Only 14.2 percent of the top five leadership positions at companies in the S&P 500 are held by women, according to a report from CNNMoney. This low number is an issue that spans industries, from construction to technology to retail, and one that the Skanska Women’s Network is seeking to address.
Our Women’s Network is an employee resource group open to both men and women that focuses on retaining and developing women throughout our organization, especially for leadership roles. It provides a platform for professional development and a forum in which women can share experiences and influence the company. Unlocking these resources and connections creates new possibilities not only for women’s careers, but for Skanska as well. The Women’s Network has chapters throughout the U.S. and is launching its fifth chapter in Florida this week.
Members of our San Francisco chapter attended a recent panel on leadership.
Our Women’s Network is working to make connections with leaders outside the construction and development industries. These connections are helping our Women’s Network broaden its reach and influence, while providing valuable lessons for our teams. For example, in Seattle, Skanska Women’s Network Northwest, led by Co-Chair and Senior Project Manager Lacey Ahlf, tapped into two of the biggest companies in their market sectors: Starbucks and Tableau Software. Earlier this year, local Women’s Network leaders asked its members what they most wanted to gain from the network, and mentorship topped the list. Ahlf noticed Starbucks’ Women’s Development Network discussing mentorship on their Facebook page, and a member of the Northwest Chapter reached out to them to see if they’d join Skanska’s discussion. Similarly, the Women’s Network connected with the women’s group at Tableau and invited them to join the mentoring discussion, which was open to women and men from Skanska as well as others in the industry, including competitors.
“Our goal is to help women in the industry,” Ahlf said. That means supporting all women, regardless of company.
The mentoring conversation focused on the differences between formal and informal mentorship and the role and importance of cultivating both. One interesting discussion point came from the Tableau team, which has developed a robust mentorship program, in part to stay competitive in the highly transitory tech hiring economy. They’ve found that mentorship is most effective when it’s implemented from the on-boarding phase. Routine mentorship check-ins are vital, especially in the employee’s first 1.5 years in order to develop and retain talent. These kinds of cross-industry insights are helping our Women’s Network refine and grow its programs.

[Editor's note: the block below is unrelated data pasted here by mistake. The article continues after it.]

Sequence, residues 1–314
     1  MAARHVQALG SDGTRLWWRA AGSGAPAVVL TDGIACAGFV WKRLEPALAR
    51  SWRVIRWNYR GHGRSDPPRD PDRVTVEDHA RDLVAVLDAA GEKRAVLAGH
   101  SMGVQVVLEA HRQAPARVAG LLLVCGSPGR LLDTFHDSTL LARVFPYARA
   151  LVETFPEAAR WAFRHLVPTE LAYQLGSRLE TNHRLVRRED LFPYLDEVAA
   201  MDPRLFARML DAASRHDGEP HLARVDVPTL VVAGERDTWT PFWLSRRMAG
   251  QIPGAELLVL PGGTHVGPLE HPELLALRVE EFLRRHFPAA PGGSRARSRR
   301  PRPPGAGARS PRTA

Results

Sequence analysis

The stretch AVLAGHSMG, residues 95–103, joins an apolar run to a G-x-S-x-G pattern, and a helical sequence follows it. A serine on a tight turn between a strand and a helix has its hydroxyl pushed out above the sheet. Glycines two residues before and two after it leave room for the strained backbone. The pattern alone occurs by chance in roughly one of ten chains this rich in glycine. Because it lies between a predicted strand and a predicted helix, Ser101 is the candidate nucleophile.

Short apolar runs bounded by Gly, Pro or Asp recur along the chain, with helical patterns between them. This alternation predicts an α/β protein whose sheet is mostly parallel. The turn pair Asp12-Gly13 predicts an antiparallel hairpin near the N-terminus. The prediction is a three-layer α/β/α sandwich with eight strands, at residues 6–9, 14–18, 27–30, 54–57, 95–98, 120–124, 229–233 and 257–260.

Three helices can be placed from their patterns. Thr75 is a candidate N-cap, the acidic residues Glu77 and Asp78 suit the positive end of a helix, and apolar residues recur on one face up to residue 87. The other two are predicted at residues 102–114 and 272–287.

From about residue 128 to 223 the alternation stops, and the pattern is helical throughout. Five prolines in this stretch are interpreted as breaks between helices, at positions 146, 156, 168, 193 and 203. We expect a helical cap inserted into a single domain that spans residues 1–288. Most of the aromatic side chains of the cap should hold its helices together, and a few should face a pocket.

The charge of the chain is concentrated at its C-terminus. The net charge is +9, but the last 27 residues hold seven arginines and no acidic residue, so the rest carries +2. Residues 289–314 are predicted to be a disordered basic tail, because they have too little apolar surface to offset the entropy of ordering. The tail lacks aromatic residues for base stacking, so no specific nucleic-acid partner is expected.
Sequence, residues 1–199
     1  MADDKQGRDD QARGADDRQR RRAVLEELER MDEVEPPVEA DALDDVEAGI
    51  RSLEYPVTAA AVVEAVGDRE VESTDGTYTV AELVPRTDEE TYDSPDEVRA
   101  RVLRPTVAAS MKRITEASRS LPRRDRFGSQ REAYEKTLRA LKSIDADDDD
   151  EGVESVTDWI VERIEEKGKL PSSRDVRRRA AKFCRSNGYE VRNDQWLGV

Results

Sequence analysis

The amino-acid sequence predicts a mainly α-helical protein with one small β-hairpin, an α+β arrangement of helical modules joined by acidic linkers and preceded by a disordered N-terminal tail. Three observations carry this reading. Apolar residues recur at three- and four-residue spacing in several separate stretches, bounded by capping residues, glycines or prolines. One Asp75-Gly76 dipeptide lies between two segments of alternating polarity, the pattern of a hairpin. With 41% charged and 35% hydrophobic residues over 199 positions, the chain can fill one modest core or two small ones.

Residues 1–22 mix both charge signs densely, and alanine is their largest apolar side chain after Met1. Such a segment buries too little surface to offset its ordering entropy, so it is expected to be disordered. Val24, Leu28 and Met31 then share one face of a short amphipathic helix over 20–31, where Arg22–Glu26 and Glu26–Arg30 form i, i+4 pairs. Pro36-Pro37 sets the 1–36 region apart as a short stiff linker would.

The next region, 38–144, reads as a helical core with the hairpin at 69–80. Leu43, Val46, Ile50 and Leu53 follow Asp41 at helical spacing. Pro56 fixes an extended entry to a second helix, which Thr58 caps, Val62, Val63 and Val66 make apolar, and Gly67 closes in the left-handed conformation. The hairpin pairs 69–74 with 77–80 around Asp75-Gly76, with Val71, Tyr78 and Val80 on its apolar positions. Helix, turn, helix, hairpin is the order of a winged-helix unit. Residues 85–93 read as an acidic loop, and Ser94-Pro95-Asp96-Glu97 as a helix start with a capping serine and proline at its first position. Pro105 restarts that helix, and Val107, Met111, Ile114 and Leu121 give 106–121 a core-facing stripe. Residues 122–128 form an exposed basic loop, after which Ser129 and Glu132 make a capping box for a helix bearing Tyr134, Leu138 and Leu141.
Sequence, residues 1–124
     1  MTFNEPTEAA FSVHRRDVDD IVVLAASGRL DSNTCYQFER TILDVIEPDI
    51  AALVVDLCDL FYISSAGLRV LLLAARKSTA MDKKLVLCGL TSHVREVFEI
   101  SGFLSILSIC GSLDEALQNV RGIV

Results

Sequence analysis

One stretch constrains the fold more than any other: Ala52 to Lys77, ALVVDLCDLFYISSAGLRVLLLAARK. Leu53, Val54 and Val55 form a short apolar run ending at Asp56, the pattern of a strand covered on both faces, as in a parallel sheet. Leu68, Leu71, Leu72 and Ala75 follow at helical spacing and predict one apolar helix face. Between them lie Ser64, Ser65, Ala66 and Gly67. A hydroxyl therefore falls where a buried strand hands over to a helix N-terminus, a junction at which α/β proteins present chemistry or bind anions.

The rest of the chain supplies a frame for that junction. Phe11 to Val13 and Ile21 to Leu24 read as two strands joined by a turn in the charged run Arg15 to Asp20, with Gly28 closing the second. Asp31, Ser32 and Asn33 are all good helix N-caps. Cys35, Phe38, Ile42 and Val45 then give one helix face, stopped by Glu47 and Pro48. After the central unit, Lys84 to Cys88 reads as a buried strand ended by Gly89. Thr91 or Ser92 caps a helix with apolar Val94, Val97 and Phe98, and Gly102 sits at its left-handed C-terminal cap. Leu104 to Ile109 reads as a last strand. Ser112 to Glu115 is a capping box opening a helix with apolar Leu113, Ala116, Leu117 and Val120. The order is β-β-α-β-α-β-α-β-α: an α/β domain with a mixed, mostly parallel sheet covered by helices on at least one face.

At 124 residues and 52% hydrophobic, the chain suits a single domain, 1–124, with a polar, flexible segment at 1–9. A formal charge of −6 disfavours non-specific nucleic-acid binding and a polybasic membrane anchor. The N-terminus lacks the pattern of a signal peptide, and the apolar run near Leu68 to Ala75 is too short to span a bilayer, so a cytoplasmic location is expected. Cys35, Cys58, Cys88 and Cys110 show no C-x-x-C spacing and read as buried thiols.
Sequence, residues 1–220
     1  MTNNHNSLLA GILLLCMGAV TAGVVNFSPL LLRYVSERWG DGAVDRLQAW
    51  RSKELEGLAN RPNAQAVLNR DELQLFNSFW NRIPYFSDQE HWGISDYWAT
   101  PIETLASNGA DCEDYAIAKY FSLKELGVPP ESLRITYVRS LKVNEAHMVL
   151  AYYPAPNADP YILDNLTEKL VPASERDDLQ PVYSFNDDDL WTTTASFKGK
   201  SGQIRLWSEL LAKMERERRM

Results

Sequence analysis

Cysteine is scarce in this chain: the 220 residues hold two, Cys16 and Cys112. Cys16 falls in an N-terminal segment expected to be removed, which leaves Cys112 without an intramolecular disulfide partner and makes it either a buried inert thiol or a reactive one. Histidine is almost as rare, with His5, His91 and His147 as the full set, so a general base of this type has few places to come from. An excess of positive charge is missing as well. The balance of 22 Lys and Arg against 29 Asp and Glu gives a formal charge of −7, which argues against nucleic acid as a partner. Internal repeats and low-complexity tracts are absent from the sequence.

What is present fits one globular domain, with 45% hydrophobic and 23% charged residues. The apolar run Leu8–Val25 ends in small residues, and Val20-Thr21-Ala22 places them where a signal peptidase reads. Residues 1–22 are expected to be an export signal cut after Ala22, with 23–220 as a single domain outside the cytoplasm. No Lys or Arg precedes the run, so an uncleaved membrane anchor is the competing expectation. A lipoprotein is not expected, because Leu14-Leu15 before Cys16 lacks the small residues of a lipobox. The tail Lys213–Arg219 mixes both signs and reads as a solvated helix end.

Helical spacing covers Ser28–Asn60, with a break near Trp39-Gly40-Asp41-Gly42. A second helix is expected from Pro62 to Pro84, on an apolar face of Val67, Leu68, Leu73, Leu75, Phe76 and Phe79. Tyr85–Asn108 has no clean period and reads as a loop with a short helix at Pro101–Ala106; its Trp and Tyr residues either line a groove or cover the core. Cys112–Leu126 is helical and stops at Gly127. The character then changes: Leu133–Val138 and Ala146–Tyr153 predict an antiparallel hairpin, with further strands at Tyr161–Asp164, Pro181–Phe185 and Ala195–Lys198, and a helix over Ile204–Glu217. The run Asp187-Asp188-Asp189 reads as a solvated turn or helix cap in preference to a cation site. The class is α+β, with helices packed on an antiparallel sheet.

Learning from Nike
In Portland, Ore., Skanska Women’s Network Co-Chair and Director of Project Controls Katie Coulson has also approached companies outside of construction, including Nike. Women at Nike make up 50 percent of the general workforce, but that parity is not yet reflected at the top of the company – a situation typical of many companies. Thus, Nike’s Global Women’s Leadership Council is working hard to change this dynamic and is serving as a mentor to Skanska’s program in the Northwest. Notably, the council has demonstrated the impact that these kinds of programs can have on women’s careers: a higher percentage of women who are members of the council have achieved promotions in the last 5 years versus women who do not participate.
Bringing 70 people together from across industries to discuss female leadership
The panel at “Breaking the Mold: Women in Leadership” addresses the Women’s Network in San Francisco.
In San Francisco, Julie Hyson, Skanska director of business development, was inspired by her interactions with clients, partners and community members to develop a similar cross-industry event for the Women’s Network, entitled “Breaking the Mold: Women in Leadership.”
“I’ve met many inspiring women in leadership positions,” said Hyson. “And I felt like there should be a forum for us to share real experiences and learn from one another.”
Hyson connected with the team at Autodesk, who shared Hyson’s vision for an event that would cover taboo topics about women in leadership and allow women to speak boldly about their experiences.
“We wanted women to leave with a sense of courage,” said Hyson. “And with the confidence to be brazen leaders regardless of their title.”
Hyson assembled a panel of inspiring women who represented diverse market sectors and a range of experience, from companies like Autodesk and Northland Control Systems, to the Golden State Warriors and San Francisco International Airport. More than 70 women and men from industries including architecture, engineering, technology and sports joined the conversation, which touched on topics such as self-advocacy and balance. One interesting moment came at the beginning of the session, when the audience was asked to raise their hands for these questions:
1. Are you a woman? 95 percent of the audience said yes.
2. Are you a manager? 75 percent of the audience said yes.
3. Do you have concerns about work/life balance? 100 percent of the audience said yes
4. Are you a mother with young children? 50 percent of the audience said yes.
5. Are you in a male dominated field? 100 percent of the audience said yes.
“The idea was to show everyone that we’re speaking the same language, said Hyson. “We have commonalities in an effort to break the ice and feel comfortable connecting on a genuine level.” The panel was so successful that there are plans for similar events with teams at SFO and elsewhere.
For Ahlf, Hyson and Coulson, the goal of these events is to help women across industries advance their careers and become leaders in their own right.